|Title||Letter, 'Note on General Duane's soundless zones' from John Tyndall to [George Gabriel] Stokes|
|Date||21 March 1882|
|Description||Tyndall writes: 'In reference to one of the powerful fog-whistles established on the coast of Maine, General Duane remarks as follows :—“The most perplexing difficulties, however, arise from the fact that the signal often appears to be surrounded by a belt varying in radius from 1 to 1½ mile from which the sound appears to be entirely absent. Thus, in moving directly from a station the sound is audible for the distance of a mile, is then lost for about the same distance, after which it is again distinctly heard for a long time. This action is common to all ear signals, and has been at times observed at all the stations, at one of which the signal is situated on a bare rock 20 miles from the mainland, with no surrounding objects to affect the sound."' He presents his observations on 'the disappearance of the sound' and asks whether this is worth publication in the Proceedings of the Royal Society.|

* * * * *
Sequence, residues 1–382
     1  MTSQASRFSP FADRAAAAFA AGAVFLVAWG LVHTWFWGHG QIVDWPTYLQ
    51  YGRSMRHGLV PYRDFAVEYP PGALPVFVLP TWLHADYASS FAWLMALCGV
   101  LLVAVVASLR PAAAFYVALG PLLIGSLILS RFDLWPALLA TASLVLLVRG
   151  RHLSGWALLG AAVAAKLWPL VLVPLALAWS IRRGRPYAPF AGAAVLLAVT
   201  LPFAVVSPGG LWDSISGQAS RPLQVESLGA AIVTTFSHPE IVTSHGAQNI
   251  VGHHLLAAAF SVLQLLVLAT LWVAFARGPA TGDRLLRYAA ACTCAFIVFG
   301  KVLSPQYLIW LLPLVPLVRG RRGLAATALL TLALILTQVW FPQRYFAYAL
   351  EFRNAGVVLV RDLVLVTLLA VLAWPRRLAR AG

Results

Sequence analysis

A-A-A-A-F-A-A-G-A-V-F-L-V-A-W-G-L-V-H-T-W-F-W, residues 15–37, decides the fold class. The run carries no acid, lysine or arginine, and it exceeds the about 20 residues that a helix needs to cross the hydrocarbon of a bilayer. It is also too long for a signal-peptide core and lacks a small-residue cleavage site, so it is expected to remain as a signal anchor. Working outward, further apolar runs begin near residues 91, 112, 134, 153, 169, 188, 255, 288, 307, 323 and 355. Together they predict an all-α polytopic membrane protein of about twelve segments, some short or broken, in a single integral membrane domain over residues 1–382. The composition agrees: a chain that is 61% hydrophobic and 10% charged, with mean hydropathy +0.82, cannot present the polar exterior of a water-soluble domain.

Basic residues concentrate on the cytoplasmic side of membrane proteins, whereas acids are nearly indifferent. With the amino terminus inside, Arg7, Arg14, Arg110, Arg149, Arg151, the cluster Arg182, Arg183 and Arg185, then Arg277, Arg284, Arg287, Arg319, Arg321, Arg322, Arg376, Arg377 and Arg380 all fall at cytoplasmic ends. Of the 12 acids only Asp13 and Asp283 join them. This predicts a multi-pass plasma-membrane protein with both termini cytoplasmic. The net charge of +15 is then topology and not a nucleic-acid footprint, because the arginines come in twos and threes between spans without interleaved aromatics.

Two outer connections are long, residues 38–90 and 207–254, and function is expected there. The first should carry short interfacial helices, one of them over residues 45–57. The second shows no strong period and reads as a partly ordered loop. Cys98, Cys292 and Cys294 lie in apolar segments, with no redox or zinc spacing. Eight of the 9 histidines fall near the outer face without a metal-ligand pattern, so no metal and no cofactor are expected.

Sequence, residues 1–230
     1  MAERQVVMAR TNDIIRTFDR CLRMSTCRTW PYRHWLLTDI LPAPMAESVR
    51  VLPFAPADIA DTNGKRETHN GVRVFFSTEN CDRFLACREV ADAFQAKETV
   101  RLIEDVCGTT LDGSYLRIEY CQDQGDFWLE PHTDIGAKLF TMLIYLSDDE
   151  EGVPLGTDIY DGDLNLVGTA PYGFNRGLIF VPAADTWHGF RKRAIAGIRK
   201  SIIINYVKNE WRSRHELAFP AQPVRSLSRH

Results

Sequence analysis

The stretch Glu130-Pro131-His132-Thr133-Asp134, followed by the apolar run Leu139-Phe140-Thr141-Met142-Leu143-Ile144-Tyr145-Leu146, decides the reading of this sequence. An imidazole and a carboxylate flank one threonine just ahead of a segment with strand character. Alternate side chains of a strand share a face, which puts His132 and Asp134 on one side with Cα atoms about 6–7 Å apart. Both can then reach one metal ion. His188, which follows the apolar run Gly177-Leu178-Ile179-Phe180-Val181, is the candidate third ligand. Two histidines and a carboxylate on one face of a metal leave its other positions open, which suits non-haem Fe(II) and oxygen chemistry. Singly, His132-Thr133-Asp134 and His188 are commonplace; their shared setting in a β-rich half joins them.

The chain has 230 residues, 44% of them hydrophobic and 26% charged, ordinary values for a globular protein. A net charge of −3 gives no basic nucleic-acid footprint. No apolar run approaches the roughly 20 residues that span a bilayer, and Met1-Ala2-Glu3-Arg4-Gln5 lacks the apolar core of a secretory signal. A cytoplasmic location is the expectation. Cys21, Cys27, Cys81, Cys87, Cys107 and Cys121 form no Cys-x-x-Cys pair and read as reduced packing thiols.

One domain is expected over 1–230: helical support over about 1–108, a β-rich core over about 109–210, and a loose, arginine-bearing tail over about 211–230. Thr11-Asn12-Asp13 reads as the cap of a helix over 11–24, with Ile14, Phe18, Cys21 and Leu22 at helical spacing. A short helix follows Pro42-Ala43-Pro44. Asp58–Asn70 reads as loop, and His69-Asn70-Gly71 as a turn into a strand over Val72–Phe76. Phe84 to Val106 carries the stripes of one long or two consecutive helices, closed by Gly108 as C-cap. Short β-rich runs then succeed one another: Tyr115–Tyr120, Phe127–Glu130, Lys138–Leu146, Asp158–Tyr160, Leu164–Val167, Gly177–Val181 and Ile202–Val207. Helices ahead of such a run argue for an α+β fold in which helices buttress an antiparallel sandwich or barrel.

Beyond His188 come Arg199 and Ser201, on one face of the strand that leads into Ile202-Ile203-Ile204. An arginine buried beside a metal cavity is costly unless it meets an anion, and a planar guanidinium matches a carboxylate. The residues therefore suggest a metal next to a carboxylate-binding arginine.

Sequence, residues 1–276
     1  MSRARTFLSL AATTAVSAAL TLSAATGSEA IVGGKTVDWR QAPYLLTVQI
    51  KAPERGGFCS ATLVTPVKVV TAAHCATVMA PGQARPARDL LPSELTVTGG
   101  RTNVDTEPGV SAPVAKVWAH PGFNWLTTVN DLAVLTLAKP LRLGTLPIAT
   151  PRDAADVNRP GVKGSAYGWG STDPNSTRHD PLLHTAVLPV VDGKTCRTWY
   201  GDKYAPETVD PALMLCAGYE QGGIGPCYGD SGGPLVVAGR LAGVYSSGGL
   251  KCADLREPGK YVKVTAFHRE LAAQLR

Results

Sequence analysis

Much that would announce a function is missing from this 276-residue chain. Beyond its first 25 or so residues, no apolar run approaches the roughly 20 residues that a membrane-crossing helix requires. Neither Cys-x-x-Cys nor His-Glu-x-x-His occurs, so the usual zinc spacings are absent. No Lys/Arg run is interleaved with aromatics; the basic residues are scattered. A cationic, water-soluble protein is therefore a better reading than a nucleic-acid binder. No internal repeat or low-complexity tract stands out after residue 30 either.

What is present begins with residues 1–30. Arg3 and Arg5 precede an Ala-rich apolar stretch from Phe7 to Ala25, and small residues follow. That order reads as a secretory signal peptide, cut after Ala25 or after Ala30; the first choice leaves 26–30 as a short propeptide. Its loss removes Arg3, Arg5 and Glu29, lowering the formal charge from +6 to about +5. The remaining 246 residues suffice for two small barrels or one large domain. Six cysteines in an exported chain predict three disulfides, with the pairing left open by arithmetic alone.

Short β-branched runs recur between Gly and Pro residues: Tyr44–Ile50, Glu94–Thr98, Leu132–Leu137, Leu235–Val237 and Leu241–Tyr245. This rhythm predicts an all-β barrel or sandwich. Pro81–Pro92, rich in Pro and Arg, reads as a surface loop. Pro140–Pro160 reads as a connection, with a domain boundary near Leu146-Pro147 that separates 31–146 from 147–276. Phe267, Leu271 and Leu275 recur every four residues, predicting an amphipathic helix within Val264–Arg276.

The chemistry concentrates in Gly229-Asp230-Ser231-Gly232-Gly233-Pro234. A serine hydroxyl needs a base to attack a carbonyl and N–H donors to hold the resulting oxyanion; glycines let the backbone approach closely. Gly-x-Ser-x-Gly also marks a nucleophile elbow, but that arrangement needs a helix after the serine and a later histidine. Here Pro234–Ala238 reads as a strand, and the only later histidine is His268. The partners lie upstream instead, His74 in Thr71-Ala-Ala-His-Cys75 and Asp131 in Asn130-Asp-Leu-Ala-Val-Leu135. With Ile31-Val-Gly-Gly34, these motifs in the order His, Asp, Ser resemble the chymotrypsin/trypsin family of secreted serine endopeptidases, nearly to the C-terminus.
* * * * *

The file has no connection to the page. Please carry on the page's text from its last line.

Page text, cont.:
Annotations in pencil and ink.
Subject: Physics / Sound
Received 21 March 1882.
Written by Tyndall at the Royal Institution [London].
A version of this letter was published in volume 34 of the Proceedings of the Royal Society as 'Note on General Duane’s soundless zones'.
|Physical description||Ink and graphite pencil on paper|
|Digital images||View item on Science in the Making|
|Related material||DOI: 10.1098/rspl.1882.0003|
Fellows associated with this archive
|NA8293||Tyndall; John (1820 - 1893); natural philosopher||1820 - 1893|
|NA8283||Stokes; Sir; George Gabriel (1819 - 1903)||1819 - 1903|